The message reads, in part:
“Founded 100 years ago, this museum has become a major creative and cultural attraction for the city’s residents and numerous guests and one of the centres of research and education in Crimea. It was created by true enthusiasts, researchers who strove to preserve the history of their native land and its spiritual heritage for posterity. Generations of employees diligently kept the traditions started by their predecessors, and contributed to the development of local history and museum business. Today you continue to replenish the museum’s collections and expand displays showing archaeological research, ethnography and numismatics, the heroic heritage of the Crimean War and the amphibious assault by Soviet marine battalion at Yevpatoria on January 5, 1942. You are implementing remarkable projects and educational programmes that bring together enthusiastic and interested people of every age, open to new knowledge.”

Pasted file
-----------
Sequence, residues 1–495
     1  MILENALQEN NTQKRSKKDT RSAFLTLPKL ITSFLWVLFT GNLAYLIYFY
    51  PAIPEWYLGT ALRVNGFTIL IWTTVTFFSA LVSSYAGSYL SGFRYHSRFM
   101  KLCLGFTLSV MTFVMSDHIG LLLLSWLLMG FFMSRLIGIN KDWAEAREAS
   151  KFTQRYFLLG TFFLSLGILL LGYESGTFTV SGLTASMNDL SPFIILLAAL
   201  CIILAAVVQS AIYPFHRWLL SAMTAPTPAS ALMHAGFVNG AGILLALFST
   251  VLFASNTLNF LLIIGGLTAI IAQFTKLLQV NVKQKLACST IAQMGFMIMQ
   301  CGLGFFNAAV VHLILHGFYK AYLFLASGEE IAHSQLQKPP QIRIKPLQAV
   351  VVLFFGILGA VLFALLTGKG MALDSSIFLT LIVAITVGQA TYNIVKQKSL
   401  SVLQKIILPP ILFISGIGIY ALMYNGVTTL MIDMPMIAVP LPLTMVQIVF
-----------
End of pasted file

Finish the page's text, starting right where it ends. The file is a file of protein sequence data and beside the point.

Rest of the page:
Yevpatoria is a resort city in Crimea whose history goes back to the 6th century BC, when the Greeks from Asia Minor founded the first settlement in Western Crimea, which later grew into a city-state (polis).